I have been going to the same dentist for as long as I can remember. Its not a super high tech office, it doesn’t have TVs above the chairs or modern decor, but I feel comfortable there. The moment I walk in I’m greeted by familiar people and things. The same secretary who saw me as a cute toddler, an awkward teenager and a pregnant adult, watched me bring my kids in for the first time. The same dentist who tells corny jokes and who constantly asks me questions when my mouth is full of tools, checks my teeth. And I always hear the same statement at the end of my appointment “No cavities!”.
For twenty-nine years, I loved going to the dentist! Sure, I wore braces when I was a teenager, but I never had a pain, complaint or cavity. Then I became pregnant with my second child. It was a great pregnancy! I was still able to keep up with my then 2 year old, I didn’t have morning sickness, I basically felt wonderful! Then I started to notice when I drank tea, I would get a twinge on the right side of my mouth. I ignored it. I had great teeth, why should I worry? Then the next time I ate ice cream, I let out a scream! When the cold hit my tooth it sent me through the roof. When my tooth became too sensitive to brush, I broke down and called my dentist.
My dentist confirmed I had sensitive teeth. Tooth sensitivity is usually caused when then dentin (the middle section of the tooth that surrounds the root) is exposed. As a result, the tooth becomes sensitive after hot, cold, sweet or acidic food and drinks. If left untreated it can lead to decay, a cavity or a hole in the tooth. Break my 29 years of no cavities?!? I don’t think so!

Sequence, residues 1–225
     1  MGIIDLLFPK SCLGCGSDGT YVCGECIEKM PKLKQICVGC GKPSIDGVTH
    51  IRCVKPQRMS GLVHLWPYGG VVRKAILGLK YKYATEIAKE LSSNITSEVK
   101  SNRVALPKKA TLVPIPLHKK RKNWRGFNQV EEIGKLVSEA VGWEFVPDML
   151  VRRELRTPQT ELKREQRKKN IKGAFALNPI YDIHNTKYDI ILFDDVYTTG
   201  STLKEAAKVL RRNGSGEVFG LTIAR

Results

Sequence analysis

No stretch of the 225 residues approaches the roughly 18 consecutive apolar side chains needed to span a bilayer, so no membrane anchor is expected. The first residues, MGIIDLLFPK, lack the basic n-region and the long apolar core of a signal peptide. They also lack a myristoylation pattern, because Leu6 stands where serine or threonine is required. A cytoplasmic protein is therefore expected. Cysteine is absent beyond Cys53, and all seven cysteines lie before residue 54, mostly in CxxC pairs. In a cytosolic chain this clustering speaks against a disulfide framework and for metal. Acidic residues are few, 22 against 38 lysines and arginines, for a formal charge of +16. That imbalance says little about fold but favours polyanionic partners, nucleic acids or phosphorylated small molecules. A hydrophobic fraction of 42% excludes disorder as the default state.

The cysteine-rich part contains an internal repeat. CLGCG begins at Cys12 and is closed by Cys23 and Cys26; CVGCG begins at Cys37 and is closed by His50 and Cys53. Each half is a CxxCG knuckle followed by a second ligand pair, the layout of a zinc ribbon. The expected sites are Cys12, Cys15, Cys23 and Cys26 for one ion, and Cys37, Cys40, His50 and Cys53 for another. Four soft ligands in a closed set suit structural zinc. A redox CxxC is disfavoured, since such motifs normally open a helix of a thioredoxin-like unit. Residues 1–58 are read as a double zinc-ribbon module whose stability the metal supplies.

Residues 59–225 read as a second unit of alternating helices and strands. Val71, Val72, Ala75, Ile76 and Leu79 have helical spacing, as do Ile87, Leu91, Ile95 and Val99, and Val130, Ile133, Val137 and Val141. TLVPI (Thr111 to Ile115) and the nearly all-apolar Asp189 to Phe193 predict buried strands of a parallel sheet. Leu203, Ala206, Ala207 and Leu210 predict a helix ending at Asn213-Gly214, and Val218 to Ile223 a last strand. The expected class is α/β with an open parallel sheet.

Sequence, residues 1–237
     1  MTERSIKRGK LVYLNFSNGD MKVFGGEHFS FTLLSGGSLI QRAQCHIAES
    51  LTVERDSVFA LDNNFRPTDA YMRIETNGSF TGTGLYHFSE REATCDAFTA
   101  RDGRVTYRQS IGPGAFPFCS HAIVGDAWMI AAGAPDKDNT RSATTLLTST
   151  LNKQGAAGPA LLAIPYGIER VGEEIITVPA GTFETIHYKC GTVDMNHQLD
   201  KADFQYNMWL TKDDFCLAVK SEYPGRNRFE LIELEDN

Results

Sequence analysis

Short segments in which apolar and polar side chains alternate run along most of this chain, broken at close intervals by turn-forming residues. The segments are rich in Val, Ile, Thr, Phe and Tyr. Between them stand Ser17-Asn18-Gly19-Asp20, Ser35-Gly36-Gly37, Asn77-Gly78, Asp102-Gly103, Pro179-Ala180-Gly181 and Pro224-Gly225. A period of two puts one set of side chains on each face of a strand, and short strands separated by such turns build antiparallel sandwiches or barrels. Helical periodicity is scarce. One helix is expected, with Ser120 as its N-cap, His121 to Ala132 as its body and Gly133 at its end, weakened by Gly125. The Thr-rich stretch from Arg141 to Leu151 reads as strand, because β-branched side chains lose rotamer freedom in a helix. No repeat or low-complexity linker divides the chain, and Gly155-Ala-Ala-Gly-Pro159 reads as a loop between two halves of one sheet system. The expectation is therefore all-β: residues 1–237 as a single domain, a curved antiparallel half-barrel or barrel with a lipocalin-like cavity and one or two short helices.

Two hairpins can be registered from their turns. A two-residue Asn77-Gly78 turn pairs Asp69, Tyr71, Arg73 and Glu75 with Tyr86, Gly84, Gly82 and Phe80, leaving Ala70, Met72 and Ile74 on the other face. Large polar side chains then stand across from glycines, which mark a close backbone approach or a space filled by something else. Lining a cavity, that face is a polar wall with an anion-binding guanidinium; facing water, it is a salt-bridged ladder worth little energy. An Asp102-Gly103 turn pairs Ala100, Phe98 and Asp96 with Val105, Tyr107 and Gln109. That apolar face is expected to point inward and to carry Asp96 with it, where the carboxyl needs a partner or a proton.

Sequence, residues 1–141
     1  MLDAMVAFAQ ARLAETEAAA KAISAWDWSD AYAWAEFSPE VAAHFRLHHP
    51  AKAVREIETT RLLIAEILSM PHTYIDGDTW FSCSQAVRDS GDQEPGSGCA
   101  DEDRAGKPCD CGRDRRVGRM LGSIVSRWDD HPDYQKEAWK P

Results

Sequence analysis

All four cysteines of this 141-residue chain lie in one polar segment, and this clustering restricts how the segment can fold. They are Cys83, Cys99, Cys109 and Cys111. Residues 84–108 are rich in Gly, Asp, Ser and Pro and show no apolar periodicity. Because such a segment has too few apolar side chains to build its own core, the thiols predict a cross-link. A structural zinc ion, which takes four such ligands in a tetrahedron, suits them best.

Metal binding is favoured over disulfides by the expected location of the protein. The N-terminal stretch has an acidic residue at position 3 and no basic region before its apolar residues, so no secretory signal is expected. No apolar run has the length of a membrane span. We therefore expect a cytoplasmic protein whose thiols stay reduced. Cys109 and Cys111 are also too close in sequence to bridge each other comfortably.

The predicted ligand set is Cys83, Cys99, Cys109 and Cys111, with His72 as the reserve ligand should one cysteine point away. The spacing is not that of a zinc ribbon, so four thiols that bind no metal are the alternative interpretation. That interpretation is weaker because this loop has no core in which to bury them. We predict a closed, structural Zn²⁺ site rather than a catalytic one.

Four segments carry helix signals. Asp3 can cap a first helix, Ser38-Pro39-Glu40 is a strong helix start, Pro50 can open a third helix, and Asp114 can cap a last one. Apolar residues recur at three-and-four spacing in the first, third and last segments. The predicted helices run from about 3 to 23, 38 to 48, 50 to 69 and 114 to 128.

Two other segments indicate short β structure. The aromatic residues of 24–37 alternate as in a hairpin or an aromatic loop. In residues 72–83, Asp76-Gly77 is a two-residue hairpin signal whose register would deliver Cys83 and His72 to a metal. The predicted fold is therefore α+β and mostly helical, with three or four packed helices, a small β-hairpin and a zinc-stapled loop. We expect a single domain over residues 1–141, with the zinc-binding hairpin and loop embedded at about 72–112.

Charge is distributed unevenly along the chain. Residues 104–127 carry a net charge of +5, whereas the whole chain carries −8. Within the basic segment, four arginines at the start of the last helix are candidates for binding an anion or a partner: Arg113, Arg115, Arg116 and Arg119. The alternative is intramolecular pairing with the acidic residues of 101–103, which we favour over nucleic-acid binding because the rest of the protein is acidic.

The first thing my dentist recommended was a low abrasion toothpaste specially made for sensitive teeth. The purpose of this toothpaste is to make the teeth less sensitive during daily brushing, while still protecting your teeth against decay with the addition of fluoride. One thing he warned me was to research the tooth paste I used. All tooth pastes are not created equally. Sensitive toothpastes that contain potassium nitrate will immediately numbs the tooth nerve, but this masking of the pain of tooth sensitivity will take 2 weeks of use before relief is obtained. He recommended Colgate Sensitive Pro-Relief (CSPR) toothpaste. It is formulated to shield and repair sensitive teeth for long-lasting protection Instead of masking the pain, it plugs the channels that lead to the sensitive tooth nerves thus blocking the pain. With regular use, it builds a long-lasting protective barrier that acts like a seal against sensitivity. I’ve seen the commercials, simply rub it on and drink a hot or cold drink and instantly its gone! Too good to be true right? WRONG! It worked! I gently massaged my sensitive tooth for 1 minute then I drank my tea. No pain, no twinge, no tingling! I was home free!
Do you have sensitive teeth?
The Colgate Sensitive Pro-Relief Challenge encourages sensitive teeth sufferers to:
- Sign up for a free sample of CSPR toothpaste by going to http://www.
colgatesensitiveprorelief.ca/ EN/challenge (1 sample per house hold).
- TRY the product (Rub it on and test it!)
- REVIEW the toothpaste online for a chance to win one (1) NESPRESSO® U Pure Orange coffee machine and one (1) gift basket containing a 1 year
Disclosure: I am part of the Colgate Sensitive Pro-Relief Blogger Campaign with Mom Central Canada and I receive special perks as part of my affiliation with this group. The opinions on this blog are my own.